The fact of the matter is, this is a free country, and Marge Schott, the irascible owner of the Cincinnati Reds, is free to believe whatever she wants to believe-- no matter how vile and ignorant those beliefs may seem to the rest of us. And, she also is free to express those beliefs whenever and wherever she wants, so long as her mode of expression does not interfere with the rights of others.
If the Lords of Baseball, sitting in grand conclave at their winter meetings this week, decide to punish Mrs. Schott for using such terms as "niggers" and "Jap" and "money-grubbing Jews," it is only because Congress has granted major league baseball extraordinary powers to run itself like a private fiefdom (much like the privileges Congress has given itself).
But this freedom thing works both ways. Just as Mrs. Schott is free to be offensive, the rest of us are free to take offense.
Fans, for instance, are free to forgo the pleasure of watching Mrs. Schott's Reds play baseball, whether in person or on television.
Major corporations are are free to take their advertising dollars someplace else.
Most importantly, the players and coaches are free to refuse to play for a woman whose beliefs and behavior they find offensive.
Does this sound so impossible -- that an apparently mean-spirited and bigoted person be treated with the contempt she deserves? That she become a pariah? That decent people choose to disassociate themselves from someone whose behavior they find detestable? Have we built a society where wealth excuses all?
Up until about a month ago, baseball fans saw in Mrs. Schott a certain rough charm, a woman with the moxie to succeed in a man's world, someone who was more eccentric than mean. A widow for 24 years and a native of Cincinnati, she has been a limited partner of the Reds since 1981 and the principal owner, president and chief executive officer since 1984.
But her image changed following the release of depositions taken in a wrongful-firing lawsuit brought against Mrs. Schott by a former employee. Those depositions included allegations that Mrs. Schott regularly used offensive language, including an occasion when she referred to superstar outfielders Eric Davis and Dave Parker as "million-dollar niggers." In her own depositions, Mrs. Schott confirmed at least some of the allegations but contended she did not mean any harm.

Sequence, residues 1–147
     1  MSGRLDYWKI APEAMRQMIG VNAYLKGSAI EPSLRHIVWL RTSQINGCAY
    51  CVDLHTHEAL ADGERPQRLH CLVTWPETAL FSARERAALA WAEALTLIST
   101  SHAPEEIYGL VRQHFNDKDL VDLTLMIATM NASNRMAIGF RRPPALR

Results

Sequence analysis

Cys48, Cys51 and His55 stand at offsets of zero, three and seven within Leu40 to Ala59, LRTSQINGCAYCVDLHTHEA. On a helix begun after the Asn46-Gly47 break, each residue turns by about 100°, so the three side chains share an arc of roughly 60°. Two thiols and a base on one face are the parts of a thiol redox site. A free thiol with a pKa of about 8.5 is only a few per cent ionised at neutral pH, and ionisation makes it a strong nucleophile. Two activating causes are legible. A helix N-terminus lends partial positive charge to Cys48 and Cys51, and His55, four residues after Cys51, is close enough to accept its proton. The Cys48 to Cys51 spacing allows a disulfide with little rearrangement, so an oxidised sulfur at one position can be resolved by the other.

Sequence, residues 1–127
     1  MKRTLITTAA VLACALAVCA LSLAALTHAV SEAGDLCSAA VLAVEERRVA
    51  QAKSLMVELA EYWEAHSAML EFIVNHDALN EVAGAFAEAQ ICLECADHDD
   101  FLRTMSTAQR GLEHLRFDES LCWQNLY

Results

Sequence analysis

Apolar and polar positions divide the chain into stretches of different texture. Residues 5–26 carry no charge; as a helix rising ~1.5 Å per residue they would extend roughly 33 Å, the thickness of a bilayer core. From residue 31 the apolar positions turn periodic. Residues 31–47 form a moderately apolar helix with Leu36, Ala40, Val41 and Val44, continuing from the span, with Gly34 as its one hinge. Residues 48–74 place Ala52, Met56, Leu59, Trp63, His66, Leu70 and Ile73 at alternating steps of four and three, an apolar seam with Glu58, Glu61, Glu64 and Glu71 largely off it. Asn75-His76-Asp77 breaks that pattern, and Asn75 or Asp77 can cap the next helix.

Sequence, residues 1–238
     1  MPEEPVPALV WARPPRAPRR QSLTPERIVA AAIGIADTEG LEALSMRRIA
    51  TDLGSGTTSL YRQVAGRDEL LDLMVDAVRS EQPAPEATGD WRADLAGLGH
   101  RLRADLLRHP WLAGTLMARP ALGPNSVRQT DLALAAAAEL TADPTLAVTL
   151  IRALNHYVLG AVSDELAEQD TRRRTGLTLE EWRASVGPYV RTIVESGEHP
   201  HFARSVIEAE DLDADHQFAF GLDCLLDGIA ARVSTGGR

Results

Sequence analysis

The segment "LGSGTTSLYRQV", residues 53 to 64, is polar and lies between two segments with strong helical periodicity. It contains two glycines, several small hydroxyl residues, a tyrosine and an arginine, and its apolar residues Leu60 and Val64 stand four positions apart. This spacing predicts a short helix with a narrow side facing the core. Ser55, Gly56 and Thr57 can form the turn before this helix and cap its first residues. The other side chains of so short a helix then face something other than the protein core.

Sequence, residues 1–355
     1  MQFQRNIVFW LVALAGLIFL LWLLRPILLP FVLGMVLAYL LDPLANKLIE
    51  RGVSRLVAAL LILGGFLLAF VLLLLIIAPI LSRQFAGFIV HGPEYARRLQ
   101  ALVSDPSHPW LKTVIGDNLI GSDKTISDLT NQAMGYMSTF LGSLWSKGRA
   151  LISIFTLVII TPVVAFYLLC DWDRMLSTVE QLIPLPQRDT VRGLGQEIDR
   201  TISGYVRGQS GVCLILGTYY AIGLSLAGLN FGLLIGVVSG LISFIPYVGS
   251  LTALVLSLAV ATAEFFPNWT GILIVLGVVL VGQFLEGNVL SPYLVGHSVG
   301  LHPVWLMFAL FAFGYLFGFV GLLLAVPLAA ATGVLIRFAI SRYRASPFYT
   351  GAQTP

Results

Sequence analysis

Both Parker and Davis have left the team. Meanwhile, the executive committee that currently operates major league baseball in lieu of a commissioner, may decide next week to fine or suspend Mrs. Schott for her conduct.
As I've said, she has the legal right to call her players by any name she chooses. And she is likely to continue doing so, too, even if her fellow owners find it in their hearts to punish her. In fact, the only thing that will really teach her a lesson would be for her players to take a stand on principle and refuse to play for her.
Do they have that kind of courage?
Seemingly not. Individual players often refuse to play as part of a negotiating ploy for a more favorable contract. Players, through their union, may also strike or threaten to strike. But that is business. Modern day players seldom seem to take stands for anything other than their personal profit.
But it wasn't always that way. In 1965, for instance, black football players forced the postponement of the American Football League's All-Star game because they did not like the way they were treated by the host city, New Orleans. The game was played five days later in Houston.
New Orleans, which had been hoping to showcase the All-Star game as part of its campaign to obtain a professional franchise, had written each of the 21 black players before the game, urging them to bring their families and assuring them that they would receive a warm reception by the citizens. Instead, players found that taxi drivers refused to carry them from the airport. Club owners in the French Quarter refused to admit them. Hotel employees were rude and reluctant to serve them. Enraged, the players voted and refused to play so long as the game was held in New Orleans. The Lords of Football threatened and pleaded, but eventually they were forced to move the game.
Similarly, Muhammad Ali proved willing to sacrifice his heavyweight championship on behalf of the principle that the war in Vietnam was immoral. He, too, resisted threats and attempts to compromise.
In both of those cases, as well as several others during the 1960s and early 1970s, athletes proved themselves willing to risk their careers in support of their principles. The difference, of course, is that athletes did not stand alone in those times. They belonged to a community that was mobilized for change. Acts of courage and sacrifice and included everyone from school children to grandparents, from custodial workers to Ph.D.s.
Today's athletes often bemoan the fact that they are held up as role models. They complain that they do not seek to be role models nor are they particularly qualified. They fail to understand, I fear, that all of us are role models of one sort or another. (Drug dealers do understand this and are quick to take youngsters under their wing.) But the rest of us fail to understand that acts of courage do not occur in a vacuum. If today's athletes fail to stand on principle, it is because we fail to provide an environment that would support such a stand.
What we need is an issue, a clear-cut cause around which the entire community can rally, each doing his or her part to drive home the point that decent people will no longer tolerate certain behavior and attitudes. Good old Marge Schott -- she has given us just the issue we needed.
Wiley Hall is a columnist for The Evening Sun.